In 1926, the Millers of New York City arrived in Victoria, BC for some vacation time. It had been a long war for the couple, given that Hunter Miller's job as attorney and advisor to American President Woodrow Wilson had continued for years after peace was declared. In fact, his job as Washington DC advisor was still ongoing. With a fellow advisor, David Hunter Miller had written the final draft of the League of Nations (as presented and signed) at the post-war Paris Peace Conference in Versailles. Now he was tasked with writing volumes of memoirs to record the events for future generations. In 1919, President Woodrow Wilson won the Nobel Peace Prize for his role as the leading architect of the League of Nations.
"The Writer's Sanctuary"
Clip: Victoria Daily Times (1926)
Taking it upon herself to create a writing sanctuary for her husband, Sarah Miller purchased almost 30 acres of property in Metchosin and had local architect K.B. Spurgin build them a home worth escaping to. For nine months a year, the Millers disappeared from New York City (and the worries of Washington DC) to live a life in their Metchosin home by the sea they called Craiglands.
"New Book and New Neighbours"
Clip: Daily Colonist (1928)
Settling into the couple's new home meant getting to know the neighbours. And though their neighbours were discreet, they ached to learn more about Miller's first-hand experience in Versailles. The locals managed to draw Miller out to talk shop, and he gladly gave them an insider's view of the events that took place during one of the most historical events in history.
"The Miller Ranch of Rocky Point"
Clip: The Province (1941)
The Millers settled in well in Metchosin and two years later, purchased additional property at Rocky Point just miles away from Craiglands. They hired a man named James Edwards to entirely run the show at their ranch, and the Millers visited Edwards, his family and their farm as often as they could. For the next twenty-five years, the Miller Ranch was known as one of the best producers of livestock and grains in the province of British Columbia.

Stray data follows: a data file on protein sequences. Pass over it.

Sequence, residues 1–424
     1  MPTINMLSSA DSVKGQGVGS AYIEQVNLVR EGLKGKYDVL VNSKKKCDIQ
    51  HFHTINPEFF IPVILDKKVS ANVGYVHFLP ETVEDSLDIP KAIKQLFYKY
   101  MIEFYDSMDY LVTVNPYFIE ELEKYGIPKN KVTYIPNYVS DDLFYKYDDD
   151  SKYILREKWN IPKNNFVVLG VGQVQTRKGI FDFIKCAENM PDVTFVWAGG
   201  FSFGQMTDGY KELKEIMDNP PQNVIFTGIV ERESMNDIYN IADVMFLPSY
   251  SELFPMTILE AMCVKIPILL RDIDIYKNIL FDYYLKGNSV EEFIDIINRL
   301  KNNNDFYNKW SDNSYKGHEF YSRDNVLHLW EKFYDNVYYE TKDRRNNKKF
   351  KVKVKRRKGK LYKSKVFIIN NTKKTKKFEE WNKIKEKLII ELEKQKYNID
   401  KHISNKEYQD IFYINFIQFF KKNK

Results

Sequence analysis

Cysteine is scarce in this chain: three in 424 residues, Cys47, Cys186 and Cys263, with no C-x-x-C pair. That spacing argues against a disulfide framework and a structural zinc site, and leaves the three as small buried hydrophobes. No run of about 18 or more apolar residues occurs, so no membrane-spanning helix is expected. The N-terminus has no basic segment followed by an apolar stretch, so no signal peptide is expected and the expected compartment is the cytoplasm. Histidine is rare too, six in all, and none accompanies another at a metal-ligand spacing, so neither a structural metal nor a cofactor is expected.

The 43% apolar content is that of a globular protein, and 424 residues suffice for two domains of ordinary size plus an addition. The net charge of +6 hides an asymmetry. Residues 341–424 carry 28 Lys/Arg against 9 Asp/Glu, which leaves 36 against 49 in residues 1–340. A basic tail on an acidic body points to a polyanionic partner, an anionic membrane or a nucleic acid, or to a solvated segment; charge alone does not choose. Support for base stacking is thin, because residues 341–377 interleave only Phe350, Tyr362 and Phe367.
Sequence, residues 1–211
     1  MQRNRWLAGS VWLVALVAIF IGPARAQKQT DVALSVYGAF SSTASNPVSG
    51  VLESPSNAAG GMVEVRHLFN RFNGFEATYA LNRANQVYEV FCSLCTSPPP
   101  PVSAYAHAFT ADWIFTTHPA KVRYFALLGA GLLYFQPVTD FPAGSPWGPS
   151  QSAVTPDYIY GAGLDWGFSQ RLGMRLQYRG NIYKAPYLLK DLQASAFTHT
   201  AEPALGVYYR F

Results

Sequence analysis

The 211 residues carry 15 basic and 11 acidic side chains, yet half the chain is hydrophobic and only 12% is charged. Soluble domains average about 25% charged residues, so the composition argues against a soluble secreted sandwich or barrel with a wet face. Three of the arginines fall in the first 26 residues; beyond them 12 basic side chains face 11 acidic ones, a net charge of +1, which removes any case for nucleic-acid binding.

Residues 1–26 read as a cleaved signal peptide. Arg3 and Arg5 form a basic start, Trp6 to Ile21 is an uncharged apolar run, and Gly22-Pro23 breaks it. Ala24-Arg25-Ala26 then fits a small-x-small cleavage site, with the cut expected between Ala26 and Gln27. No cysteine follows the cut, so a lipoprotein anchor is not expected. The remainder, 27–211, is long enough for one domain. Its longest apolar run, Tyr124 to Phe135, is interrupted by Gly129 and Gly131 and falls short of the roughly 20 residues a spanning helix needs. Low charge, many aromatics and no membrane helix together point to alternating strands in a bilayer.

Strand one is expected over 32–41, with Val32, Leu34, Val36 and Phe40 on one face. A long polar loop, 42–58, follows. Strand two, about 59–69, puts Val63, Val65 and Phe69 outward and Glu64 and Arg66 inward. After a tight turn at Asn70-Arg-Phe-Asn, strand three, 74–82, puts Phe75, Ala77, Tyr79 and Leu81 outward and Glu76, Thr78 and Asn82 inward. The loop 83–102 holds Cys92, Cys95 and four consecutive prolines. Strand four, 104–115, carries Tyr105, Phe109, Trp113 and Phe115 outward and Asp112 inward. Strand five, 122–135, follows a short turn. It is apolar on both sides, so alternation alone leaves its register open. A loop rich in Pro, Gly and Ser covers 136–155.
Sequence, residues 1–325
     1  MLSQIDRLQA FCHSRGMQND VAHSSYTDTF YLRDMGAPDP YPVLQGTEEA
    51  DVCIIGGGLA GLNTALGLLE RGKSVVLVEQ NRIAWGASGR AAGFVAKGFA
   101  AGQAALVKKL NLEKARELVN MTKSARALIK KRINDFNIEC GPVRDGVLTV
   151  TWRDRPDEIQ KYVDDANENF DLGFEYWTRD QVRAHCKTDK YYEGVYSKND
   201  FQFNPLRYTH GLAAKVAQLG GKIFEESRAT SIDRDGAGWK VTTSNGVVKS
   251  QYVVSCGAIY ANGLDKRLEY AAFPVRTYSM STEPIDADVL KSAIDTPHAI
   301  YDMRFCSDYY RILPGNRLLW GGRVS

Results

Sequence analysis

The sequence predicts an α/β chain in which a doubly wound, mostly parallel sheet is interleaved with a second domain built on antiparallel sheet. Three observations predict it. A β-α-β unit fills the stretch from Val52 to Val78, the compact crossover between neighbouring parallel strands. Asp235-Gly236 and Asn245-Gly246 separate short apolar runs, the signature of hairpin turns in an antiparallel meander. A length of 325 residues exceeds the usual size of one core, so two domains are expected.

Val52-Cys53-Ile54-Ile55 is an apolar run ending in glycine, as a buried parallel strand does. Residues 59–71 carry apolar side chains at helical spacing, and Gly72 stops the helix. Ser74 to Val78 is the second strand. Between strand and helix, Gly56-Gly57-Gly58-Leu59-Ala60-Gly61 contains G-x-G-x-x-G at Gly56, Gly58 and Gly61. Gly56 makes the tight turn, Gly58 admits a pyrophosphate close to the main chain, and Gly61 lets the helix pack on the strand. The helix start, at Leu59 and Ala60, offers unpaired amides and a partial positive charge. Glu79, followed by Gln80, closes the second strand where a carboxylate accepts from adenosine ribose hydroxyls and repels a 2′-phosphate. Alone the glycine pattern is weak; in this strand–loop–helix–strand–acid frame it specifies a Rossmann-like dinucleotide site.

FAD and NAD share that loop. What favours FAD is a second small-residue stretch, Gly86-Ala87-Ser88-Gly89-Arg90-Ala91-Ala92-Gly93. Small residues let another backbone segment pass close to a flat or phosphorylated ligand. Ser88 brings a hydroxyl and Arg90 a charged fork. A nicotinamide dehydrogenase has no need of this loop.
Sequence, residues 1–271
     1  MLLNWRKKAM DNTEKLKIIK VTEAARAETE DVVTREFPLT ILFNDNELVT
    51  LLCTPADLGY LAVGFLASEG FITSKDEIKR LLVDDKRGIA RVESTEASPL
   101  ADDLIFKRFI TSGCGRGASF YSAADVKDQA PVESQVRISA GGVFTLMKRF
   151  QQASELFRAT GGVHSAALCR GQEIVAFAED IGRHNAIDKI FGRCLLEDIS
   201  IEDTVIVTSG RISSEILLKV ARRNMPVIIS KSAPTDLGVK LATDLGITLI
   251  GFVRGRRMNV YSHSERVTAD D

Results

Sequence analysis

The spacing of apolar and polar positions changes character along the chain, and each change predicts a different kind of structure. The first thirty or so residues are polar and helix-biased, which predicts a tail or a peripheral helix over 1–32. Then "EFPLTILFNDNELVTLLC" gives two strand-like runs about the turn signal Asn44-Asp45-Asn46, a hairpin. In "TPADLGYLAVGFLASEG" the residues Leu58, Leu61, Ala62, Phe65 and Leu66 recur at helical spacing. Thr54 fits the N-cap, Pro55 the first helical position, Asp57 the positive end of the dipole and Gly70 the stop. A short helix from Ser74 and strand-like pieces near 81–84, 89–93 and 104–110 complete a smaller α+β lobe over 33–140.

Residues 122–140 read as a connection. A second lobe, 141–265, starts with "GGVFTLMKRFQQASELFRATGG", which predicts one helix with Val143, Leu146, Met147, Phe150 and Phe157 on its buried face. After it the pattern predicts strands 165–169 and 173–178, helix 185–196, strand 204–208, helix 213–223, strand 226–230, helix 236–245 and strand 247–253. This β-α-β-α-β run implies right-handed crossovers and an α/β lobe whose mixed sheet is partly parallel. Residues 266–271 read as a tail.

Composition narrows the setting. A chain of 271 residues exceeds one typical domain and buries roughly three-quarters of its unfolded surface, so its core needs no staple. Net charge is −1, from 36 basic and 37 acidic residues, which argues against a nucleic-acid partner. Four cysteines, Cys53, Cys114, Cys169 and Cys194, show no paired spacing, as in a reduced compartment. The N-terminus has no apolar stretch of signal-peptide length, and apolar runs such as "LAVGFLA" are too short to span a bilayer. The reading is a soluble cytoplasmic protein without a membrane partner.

Clip: The Province (1941)
In 1941, Edwards woke up to the sound of National Defence vehicles running through the Miller Ranch property, startling the sheep and cattle. World War 2 necessitated federal land expropriation at Rocky Point, and Miller, concerned for his livestock and the ranch's future, took matters to the Exchequer. His lawyer explained to the court that although the Millers had lost at least $17,000 on their now depreciated property, he would accept a mere sum of $6,000 for damages. In the end, the crown gave Miller $1,666.10 for his worries. It was the beginning of the end of the glory days of the Miller Ranch.
In 1951, the federal government further expropriated all of the land at Rocky Point in one fell swoop, forcing all residents to sell out. The remaining land owners sold off everything they had. The Millers left the sale of their ranch, their prize animals and the ranch contents in the hands of local auctioneers. The auctioneers were also left to sell the Miller's barely used *1942 'Century' Buick Limousine and their beloved Craiglands property. After 25 years of building a prize-winning ranch and writing books in Metchosin, the Millers returned to Washington DC to live out the remainder of their days. The Department of National Defence still owns the property at Rocky Point today.
*photo is not Miller's 1942 Century Buick.
"Possible location of Craiglands"
UPDATE: as of June 28, 2022 at 11:39am
Although the exact location of Craiglands is unknown, it was likely where the award-winning Swanwick Ranch is today. In 1941, a newspaper published the top photo as the Miller Ranch of Rocky Point. This might be incorrect. Instead, it might actually be a photograph of the farm at Craiglands, which was initially (perhaps also incorrectly) called the Parry Bay Sheep Farm.